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When Saw first hit theaters (watch the franchise now on Peacock!), it captured the imagination of moviegoers with its slow revelation and final act twist. The simple terror of having your survival in your hands, all at the cost of an amputated limb, provided a special kind of horror. It’s a type of fear which is largely removed from modern society. While amputations occur, they largely happen in hospital settings with the benefit of skilled surgeons and anesthetic.
In humanity’s past, however, the process might have resembled something a little closer to Saw, with an individual or small group of individuals making the conscious — in every sense of the word — decision to remove a limb. A recent discovery inside caves on what is now the Indonesian island of Borneo has revealed the presence of the oldest known surgical amputation, and it’s not even close. Melandri Vlok from the Sydney South East Asian Centre at the University of Sydney, and colleagues, investigated the remains of a child who lived in the region some 31,000 years ago and was, as far as we know, the oldest successful leg amputation. The results of the study were published in the journal Nature.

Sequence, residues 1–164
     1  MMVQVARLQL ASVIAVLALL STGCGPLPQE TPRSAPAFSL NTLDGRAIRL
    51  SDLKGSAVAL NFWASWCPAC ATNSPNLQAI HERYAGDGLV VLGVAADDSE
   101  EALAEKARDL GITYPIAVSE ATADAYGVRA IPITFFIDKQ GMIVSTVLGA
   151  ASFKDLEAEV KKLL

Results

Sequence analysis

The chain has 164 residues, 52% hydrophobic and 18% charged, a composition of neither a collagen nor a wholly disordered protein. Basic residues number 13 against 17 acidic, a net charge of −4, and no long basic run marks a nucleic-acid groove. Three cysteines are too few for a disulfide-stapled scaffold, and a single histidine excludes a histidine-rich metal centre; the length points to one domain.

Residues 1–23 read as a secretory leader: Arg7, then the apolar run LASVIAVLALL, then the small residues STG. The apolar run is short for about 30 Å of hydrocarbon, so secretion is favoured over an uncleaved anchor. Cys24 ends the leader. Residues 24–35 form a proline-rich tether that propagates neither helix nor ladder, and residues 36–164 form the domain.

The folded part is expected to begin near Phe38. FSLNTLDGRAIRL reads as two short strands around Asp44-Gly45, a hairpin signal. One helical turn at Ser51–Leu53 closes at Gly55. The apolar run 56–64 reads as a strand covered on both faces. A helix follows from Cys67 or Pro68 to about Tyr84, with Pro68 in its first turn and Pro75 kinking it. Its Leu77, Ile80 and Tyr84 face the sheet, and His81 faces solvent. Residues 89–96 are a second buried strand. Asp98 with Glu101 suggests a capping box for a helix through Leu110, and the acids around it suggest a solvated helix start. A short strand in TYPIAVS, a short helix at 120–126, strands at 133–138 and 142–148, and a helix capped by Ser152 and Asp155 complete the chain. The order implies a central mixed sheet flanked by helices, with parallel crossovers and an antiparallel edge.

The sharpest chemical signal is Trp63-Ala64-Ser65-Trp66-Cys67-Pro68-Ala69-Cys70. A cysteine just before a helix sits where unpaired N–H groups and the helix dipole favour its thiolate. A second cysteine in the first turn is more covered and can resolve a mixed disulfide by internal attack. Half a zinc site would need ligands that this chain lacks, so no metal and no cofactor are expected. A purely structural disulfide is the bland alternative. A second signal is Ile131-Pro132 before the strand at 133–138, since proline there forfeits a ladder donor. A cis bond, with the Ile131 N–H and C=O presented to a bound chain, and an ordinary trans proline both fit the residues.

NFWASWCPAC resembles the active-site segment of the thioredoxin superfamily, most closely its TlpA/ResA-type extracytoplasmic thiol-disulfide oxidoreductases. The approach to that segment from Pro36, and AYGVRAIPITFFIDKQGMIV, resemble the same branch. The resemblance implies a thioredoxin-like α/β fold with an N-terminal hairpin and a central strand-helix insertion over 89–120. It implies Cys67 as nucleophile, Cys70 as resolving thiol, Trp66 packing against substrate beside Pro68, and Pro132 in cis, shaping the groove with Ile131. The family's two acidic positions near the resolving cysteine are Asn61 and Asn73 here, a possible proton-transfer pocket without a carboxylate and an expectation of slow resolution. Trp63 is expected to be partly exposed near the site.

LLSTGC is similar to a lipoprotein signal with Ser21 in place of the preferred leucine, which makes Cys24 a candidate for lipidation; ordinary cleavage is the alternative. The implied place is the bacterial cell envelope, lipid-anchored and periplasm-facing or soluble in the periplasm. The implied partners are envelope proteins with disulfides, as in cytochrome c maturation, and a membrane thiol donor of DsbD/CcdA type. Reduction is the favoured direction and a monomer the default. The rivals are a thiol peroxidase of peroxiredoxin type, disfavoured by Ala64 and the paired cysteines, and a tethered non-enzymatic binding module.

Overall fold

“Most evidence of surgery comes from agricultural societies. Once humans start to stay in one place all year round, we expect to see a boon in medicine and surgery. Before the case we found, the earliest evidence of amputation is from 7,000 years ago. This is really kind of rewriting our understanding of what it requires for us to adapt to community-based care and advanced surgical care,” Vlok told SYFY WIRE.
This new discovery changes the narrative, making it clear that surgeons were also a part of mobile hunter-gatherer communities. Researchers had recently visited these same cave systems and discovered rock art in the form of hand stencil paintings, which dated back to roughly 40,000 years ago. Later, they decided to revisit the caves and excavate farther inside, in hopes of finding some cultural materials left behind. They didn’t know they were about to find much more than that.
Inside the cave, buried beneath the sediment, they found the remains of a person who had died at roughly the age of 19 or 20. Of even more interest was the missing leg. Finding skeletons, either human or animal, with missing bones isn’t uncommon. But this individual showed signs that the leg was intentionally removed during life, had healed, and the individual survived for somewhere between 6 and 9 years.
“One of the things we look at is bone healing. What’s really obvious with this individual is after the surgery it healed over. It completely recovers. The bone went through all of the stages of fracture or amputation recovery we see today. There’s also evidence they were using it as a stump, applying pressure on the end. Because there wasn’t enough oxygen delivered to the bone because of pressure on the vessels, that actually caused some of the bone to resorb and die off,” Vlok said.